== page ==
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From the Archives: L.A. County Sheriff’s 1934 ‘aero squadron’

From the Archives: L.A. County Sheriff’s 1934 ‘aero squadron’
March 4, 1934: Members of L.A. County Sheriff Eugene Biscailuz's volunteer aero squadron pose in front of a Fokker aircraft. (Los Angeles Times)

Sheriff Eugene Biscailuz's aero squadron began as a volunteer outfit in the 1920s.

Members of the squadron, pictured in 1934, were identified as, from left, Richard McNulte, Goodyear blimp volunteer; Capt. A.A. Hopkins of the sheriff's office; George Rice, veteran pilot for Transcontinental & Western Air (which later became Trans World Airlines); Art Klein, Warner Bros. studio flier; William Keith Scott, private flier; Moye Stevens, private pilot; Capt. Claude F. Morgan, aviation deputy commanding the sheriff's Aero Squadron; Charles N. (Jimmie) James, veteran pilot of Western Air Express; Capt. Warren E. Carey, flying deputy from Union Oil Co.; Sheriff Biscailuz; and Deputy Sheriffs Simmons, Anstein, Brown, Vigneau and Capt. Conly of the Alhambra substation of the sheriff's office.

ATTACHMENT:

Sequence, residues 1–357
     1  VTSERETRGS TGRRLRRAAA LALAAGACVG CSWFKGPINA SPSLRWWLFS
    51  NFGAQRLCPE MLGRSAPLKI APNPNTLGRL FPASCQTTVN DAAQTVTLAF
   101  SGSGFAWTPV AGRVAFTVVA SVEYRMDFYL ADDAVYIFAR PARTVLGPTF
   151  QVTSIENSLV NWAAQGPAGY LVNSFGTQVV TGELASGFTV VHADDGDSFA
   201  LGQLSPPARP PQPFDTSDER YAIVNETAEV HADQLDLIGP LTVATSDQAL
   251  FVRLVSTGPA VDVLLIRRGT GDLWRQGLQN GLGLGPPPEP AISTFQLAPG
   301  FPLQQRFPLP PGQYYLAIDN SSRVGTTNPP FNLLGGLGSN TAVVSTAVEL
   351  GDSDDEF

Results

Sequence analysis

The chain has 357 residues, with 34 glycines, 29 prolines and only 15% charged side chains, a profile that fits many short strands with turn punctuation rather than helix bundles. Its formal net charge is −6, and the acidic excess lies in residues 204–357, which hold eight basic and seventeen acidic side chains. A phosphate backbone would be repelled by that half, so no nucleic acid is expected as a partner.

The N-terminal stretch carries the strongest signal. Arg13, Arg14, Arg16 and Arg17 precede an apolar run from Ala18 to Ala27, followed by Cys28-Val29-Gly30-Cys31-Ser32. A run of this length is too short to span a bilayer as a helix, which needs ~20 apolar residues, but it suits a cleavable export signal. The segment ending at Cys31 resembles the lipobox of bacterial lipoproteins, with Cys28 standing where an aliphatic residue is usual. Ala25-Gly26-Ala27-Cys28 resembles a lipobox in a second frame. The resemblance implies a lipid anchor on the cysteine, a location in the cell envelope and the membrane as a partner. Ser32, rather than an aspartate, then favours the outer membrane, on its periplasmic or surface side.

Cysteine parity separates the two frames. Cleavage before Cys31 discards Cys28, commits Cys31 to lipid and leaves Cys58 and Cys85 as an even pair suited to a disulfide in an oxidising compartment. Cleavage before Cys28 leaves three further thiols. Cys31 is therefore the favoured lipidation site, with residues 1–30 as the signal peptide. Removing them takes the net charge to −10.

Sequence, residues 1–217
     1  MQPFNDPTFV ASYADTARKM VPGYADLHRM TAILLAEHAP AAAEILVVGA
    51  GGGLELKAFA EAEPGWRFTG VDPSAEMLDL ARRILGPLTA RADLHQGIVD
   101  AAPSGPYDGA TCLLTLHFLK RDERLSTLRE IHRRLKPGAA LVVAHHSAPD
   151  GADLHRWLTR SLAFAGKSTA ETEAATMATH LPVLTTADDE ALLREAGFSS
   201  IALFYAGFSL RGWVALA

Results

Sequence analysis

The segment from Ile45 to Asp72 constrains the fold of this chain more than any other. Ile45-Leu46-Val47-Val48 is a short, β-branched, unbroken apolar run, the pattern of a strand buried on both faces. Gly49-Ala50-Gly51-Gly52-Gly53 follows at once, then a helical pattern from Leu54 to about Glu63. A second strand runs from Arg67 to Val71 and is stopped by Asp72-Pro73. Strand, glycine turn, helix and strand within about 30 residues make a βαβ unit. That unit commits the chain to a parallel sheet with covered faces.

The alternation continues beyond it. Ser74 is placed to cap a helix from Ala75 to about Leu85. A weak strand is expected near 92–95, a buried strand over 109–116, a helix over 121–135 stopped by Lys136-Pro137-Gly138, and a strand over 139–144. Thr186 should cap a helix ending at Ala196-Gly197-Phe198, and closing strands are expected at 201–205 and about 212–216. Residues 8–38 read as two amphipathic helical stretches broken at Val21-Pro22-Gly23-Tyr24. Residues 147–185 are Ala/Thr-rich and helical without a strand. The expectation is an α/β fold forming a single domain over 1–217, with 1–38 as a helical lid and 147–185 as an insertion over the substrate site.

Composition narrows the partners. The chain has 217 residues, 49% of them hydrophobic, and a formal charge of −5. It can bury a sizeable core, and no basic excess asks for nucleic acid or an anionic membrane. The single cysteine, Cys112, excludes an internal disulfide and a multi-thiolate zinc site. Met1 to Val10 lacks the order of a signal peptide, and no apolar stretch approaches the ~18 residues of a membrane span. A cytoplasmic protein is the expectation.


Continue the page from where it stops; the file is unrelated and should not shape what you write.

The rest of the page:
When this image appeared in the March 5, 1934, Los Angeles Times, the accompanying story explained:

What was planned as an inspection and review of the Los Angeles Sheriff's aero squadron, most unusual aerial law-enforcement arm in the world, yesterday resulted in an acid test of the ability of the men and planes to function in the most inclement weather conditions, when the thirteen ships forming the squadron flew more than 110 miles, covered strategic areas of the county and visited ten airports.

The only volunteer air force for law enforcement on earth, the squadron performed in a manner exceeding even the hopes of Sheriff Biscailuz. The new arm of the law demonstrated its worth in emergency as planned, although virtually the entire flight called for blind flying, compasses alone guiding the pilots to their goals.

Leaving United Airport at Burbank at 10 a.m., the squadron, comprised of ships of a dozen makes, flown by their owners, all of whom are deputies, paused at designated airports en route, were met by civic leaders and officials of the various municipalities and returned to Grand Central Air Terminal at 4 p.m. without mishap. …

All the planes, including Fokkers, Boeings, Stearmans, Wacos, Cessnas and others, are capable of speeds in excess of 100 miles per hour. …

This image was republished in the July 10, 2005, Los Angeles Times accompanying a story on the Los Angeles County Sheriff's Museum.

This post was originally published on June 12, 2015.

See more from the Los Angeles Times archives here

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